In these 3 years, Pathao has grown to become the fastest-growing startup in Bangladesh. In fact, when more than 6 million people thought of moving, they thought of Pathao. With Pathao Rides operating in 3 cities and Courier nationwide – every day we help move Bangladesh in more ways than one.
Today, I share with you some lessons I’ve learned while on this journey.
Startup Lesson 1: Build yourself before you build a company
“If you want to change the world, start with yourself”
– Mahatma Gandhi
In 2015, when we started Pathao, I was responsible for tasks starting from illustrating our first logo to making designs for our first app building our first website to maintaining our social media page.
A year later when we were launching Pathao Rides, we literally had to take to the streets and create awareness about the concept of “Ride sharing” — which was quite unheard of in Bangladesh at the time. My friend Kishwar and I took ~ 200 leaflets and a couple of bike riders with us each day and hit public spots like in front of universities, restaurants, and offices – we pitched the concept of ride-sharing to anyone who would listen, encouraging them to take their first ride right then.
These were some of our first customers.
Our people skills helped us do this. We could not afford to have a sales team to go out and convince people, we had to do it ourselves.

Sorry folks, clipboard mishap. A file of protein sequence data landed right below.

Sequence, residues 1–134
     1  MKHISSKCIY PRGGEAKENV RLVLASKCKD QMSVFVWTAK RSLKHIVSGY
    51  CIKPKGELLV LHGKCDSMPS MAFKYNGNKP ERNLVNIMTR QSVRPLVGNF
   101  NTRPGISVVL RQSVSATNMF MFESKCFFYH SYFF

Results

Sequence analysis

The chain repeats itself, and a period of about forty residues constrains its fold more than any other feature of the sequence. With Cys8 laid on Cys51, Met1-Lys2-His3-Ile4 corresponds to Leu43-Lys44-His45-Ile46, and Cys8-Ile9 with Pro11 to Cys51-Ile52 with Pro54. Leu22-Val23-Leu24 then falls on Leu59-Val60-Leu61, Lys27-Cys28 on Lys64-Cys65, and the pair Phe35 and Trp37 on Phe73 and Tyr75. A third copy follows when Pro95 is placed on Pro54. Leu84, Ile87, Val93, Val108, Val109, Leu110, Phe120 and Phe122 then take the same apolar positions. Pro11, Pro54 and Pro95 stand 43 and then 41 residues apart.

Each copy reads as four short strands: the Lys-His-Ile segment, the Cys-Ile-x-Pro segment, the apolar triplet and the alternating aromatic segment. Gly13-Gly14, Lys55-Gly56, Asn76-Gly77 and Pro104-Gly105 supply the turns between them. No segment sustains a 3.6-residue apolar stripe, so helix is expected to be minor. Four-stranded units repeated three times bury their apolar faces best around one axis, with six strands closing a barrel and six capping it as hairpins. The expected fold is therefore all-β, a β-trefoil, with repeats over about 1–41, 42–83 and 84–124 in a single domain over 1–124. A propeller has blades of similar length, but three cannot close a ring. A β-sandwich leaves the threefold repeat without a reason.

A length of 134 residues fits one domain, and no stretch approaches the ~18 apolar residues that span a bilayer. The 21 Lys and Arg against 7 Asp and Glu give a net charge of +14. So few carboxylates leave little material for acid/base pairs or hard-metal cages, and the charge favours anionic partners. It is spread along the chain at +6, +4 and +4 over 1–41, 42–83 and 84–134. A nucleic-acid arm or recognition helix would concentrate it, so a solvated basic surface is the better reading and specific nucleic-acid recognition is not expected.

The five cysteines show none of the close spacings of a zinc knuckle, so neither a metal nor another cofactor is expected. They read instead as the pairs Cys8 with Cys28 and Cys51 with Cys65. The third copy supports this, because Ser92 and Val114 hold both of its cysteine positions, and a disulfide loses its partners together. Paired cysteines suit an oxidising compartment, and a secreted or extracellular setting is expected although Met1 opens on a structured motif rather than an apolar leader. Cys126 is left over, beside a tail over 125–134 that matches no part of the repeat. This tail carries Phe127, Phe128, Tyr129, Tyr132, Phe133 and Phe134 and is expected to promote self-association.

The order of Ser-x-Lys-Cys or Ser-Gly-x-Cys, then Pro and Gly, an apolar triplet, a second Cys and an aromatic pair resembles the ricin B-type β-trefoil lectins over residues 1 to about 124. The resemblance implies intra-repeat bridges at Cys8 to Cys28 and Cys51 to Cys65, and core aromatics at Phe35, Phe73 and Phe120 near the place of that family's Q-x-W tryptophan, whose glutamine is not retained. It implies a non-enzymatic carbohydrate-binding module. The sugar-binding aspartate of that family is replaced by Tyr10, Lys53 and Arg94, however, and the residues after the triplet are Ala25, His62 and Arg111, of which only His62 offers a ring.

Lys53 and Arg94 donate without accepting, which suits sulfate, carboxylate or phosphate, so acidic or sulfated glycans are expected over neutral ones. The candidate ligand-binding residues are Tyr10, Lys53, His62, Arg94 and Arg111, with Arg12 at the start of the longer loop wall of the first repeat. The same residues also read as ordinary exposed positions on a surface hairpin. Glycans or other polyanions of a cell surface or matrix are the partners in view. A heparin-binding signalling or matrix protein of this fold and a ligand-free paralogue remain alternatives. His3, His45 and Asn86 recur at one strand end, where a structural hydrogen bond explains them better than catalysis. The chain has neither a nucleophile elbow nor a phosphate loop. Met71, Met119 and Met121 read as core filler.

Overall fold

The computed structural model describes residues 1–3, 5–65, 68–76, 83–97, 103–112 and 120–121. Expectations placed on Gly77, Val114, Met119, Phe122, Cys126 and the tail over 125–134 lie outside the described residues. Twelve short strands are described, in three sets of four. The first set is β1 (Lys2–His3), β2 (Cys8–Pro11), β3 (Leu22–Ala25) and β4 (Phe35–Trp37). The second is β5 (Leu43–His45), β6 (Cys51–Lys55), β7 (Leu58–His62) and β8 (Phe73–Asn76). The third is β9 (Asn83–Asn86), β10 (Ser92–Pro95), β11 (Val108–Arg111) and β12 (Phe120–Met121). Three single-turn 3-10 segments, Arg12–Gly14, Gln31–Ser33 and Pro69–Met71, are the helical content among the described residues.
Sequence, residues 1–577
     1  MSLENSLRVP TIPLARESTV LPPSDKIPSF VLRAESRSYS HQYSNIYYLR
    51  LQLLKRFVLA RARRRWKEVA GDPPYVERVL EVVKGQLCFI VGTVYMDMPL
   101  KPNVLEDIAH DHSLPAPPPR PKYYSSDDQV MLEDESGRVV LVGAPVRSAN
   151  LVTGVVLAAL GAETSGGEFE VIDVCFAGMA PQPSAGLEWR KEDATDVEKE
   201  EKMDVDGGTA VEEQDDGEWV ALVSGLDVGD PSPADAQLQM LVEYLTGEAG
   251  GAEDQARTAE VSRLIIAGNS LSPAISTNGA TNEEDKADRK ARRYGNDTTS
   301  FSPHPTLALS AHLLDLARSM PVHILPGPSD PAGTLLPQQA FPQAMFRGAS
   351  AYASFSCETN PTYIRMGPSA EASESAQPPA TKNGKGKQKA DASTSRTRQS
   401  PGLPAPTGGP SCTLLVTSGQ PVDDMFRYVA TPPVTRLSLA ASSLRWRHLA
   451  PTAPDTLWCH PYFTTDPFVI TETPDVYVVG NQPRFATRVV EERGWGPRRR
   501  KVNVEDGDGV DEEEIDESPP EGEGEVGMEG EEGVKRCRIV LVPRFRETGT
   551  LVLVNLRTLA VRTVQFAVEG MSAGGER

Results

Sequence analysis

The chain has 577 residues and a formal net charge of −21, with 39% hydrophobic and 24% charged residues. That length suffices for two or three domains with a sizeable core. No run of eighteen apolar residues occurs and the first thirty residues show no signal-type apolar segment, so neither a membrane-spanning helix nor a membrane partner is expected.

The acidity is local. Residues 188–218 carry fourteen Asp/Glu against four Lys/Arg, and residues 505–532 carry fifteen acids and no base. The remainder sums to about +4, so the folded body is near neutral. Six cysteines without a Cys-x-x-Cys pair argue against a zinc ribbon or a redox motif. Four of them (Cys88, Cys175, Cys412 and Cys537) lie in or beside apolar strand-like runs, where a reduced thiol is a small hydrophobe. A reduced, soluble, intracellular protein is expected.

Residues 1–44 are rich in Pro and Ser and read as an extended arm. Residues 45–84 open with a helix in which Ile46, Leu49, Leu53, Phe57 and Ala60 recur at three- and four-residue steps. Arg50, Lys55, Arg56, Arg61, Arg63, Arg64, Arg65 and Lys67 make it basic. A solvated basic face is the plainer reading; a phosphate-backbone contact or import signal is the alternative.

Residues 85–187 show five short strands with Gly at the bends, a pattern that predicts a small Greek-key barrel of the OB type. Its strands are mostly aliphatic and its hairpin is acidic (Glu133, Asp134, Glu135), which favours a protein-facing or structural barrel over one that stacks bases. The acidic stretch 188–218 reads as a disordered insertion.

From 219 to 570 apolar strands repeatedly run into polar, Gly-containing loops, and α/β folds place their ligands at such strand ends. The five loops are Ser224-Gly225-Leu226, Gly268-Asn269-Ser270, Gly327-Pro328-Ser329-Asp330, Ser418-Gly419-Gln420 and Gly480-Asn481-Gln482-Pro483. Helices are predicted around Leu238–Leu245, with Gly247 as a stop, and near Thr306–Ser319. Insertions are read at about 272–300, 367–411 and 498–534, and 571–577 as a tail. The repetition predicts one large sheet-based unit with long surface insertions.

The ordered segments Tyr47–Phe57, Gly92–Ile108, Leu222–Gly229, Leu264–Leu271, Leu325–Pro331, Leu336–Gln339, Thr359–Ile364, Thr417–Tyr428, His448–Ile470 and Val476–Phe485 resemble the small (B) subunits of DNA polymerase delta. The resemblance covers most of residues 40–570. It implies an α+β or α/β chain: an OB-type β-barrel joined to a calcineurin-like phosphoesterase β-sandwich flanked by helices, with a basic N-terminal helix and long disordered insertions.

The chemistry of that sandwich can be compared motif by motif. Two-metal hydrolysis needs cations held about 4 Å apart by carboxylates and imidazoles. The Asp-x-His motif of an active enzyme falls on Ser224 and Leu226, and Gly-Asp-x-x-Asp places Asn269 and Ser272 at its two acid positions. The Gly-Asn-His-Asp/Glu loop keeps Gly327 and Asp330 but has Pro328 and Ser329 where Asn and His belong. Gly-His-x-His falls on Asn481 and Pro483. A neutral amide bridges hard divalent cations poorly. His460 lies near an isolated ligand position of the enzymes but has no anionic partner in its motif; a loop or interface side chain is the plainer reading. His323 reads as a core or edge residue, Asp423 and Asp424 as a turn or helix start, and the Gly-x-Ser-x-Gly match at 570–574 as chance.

Thus, it is important that you too develop real-world skills that will help you contribute to those early days of your company. These skills could range from programming to graphic design to marketing know-how to have people skills. (I rank them in no particular order)
Startup Lesson 2: Working overtime is the expectation, not an exception
“Work like there is someone working 24 hours a day to take it away from you.”
– Mark Cuban
In 2015, when Pathao was starting out we had a team size of 3/4 people. It was Elius, Adnan, Wasif, and myself. We had to build our business model, build our technology stack, hire delivery agents, get clients, do social media, maintain our office space, do accounting, do customer service, get legal documents, and a myriad of other big and small chores- all with 4 people.
It’s like those games where an endless number of things keep falling from the sky and you have to keep moving to catch them. Drop one, and game over.
Given we had all these tasks and only a quartet team – we had to work REALLY long hours. I clocked in 12-hour work days (10am-10pm) and often delivered packages on my way home. I did this not for days or weeks but for months. We all did this.
This meant sacrificing a social life and spending less time with our families. For me, this also meant less time to study for school (or less time to sleep, really).
If you’re starting a company, you’ll probably need to put in a lot of effort as well. Be ready for this.
Startup Lesson 3: Pragmatism trumps all else
If you attend enough startup conferences or listen to enough motivational speakers, you’ll hear one piece of advice repeated over and over again: You’ve got to love what you do! If you don’t love what you do, you might as well stay home. After all, even Steve Jobs famously told Stanford’s 2005 graduating class,
“The only way to do great work is to love what you do.
If you haven’t found it yet, keep looking. Don’t settle.”
I don’t buy it.
There’s nothing wrong with loving what you do, of course — I just don’t think it’s a prerequisite for starting a business.